It’s likely that a combination of factors has led to the surge, but perhaps the most obvious culprit is the ball itself. Despite Rob Manfred’s repeated claims that the ball has not been tampered with, numerous studies from the Ringer and FiveThirtyEight have suggested that the ball is to blame. The most obvious piece of evidence is fly-ball rates; the number of fly balls has stayed relatively constant, but the number of fly balls clearing the fences has spiked.

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Rob Manfred: “I know with absolute certainty” that the balls are within the legal limits. Admittedly you could drive a Mack truck through those limits, but the balls are legal.

While we may never know the exact cause of the power surge, it’s impact on baseball is still up for debate. Home runs are cool, sure — just look at what Aaron Judge did in the Home Run Derby. But isn’t some of their excitement in their novelty? More importantly, what does the rise in home runs do for the pace of play discussion raging throughout baseball? More balls in play leads to a faster pace, but more and more games are decided through the Three True Outcomes methods: walks, strikeouts, and home runs.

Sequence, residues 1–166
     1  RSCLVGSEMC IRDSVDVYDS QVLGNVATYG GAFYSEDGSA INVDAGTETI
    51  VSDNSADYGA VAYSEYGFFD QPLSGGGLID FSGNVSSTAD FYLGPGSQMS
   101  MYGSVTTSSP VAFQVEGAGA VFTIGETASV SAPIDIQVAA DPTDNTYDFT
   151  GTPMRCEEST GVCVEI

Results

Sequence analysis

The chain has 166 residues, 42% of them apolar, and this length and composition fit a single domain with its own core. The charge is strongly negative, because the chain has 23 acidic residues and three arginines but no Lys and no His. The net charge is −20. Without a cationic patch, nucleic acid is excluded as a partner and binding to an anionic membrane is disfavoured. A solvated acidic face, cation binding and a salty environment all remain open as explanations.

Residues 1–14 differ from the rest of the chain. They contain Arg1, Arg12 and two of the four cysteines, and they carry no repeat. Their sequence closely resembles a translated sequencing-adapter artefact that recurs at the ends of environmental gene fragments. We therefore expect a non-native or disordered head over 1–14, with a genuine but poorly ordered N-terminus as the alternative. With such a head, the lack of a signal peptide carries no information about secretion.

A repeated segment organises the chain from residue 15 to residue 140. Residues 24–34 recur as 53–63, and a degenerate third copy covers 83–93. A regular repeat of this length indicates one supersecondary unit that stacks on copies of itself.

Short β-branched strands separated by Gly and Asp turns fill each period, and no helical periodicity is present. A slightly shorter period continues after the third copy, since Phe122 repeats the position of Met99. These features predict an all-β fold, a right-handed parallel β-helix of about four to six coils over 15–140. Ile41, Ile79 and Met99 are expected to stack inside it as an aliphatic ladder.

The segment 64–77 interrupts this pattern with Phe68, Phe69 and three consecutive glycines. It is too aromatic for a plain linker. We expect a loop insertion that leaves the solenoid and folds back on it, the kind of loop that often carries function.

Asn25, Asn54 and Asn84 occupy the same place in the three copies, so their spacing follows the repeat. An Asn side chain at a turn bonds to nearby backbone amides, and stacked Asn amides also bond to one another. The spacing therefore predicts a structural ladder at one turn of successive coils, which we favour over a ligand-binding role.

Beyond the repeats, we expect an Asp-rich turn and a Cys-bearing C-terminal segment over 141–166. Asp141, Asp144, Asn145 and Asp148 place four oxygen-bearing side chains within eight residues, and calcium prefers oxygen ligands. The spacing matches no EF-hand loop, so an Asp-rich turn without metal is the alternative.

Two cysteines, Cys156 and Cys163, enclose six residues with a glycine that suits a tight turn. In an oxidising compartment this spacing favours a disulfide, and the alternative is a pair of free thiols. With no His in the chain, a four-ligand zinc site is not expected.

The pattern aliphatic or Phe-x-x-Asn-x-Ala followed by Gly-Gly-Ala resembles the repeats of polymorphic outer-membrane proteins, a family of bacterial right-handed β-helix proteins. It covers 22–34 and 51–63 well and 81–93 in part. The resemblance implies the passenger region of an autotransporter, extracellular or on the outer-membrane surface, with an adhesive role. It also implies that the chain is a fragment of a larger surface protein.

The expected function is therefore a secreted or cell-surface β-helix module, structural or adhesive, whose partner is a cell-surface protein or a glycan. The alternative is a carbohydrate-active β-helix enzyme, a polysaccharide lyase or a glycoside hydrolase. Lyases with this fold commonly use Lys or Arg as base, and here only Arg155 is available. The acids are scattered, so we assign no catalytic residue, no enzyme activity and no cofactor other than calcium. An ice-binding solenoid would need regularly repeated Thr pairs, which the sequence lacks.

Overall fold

As much as we love home runs, say a prayer for the hit-and-run hitter. They’re becoming increasingly rarer by the day.

3. Astro Fever and Dodger Blue

Two teams have already hit sixty wins on the season: the Los Angeles Dodgers (61-29) and the Houston Astros (60-29). How impressive have they been? The next closest team in the standings is the Arizona Diamondbacks — a full seven games back.

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Crazy hair, don’t care — not when the ‘Stros have the best record in baseball.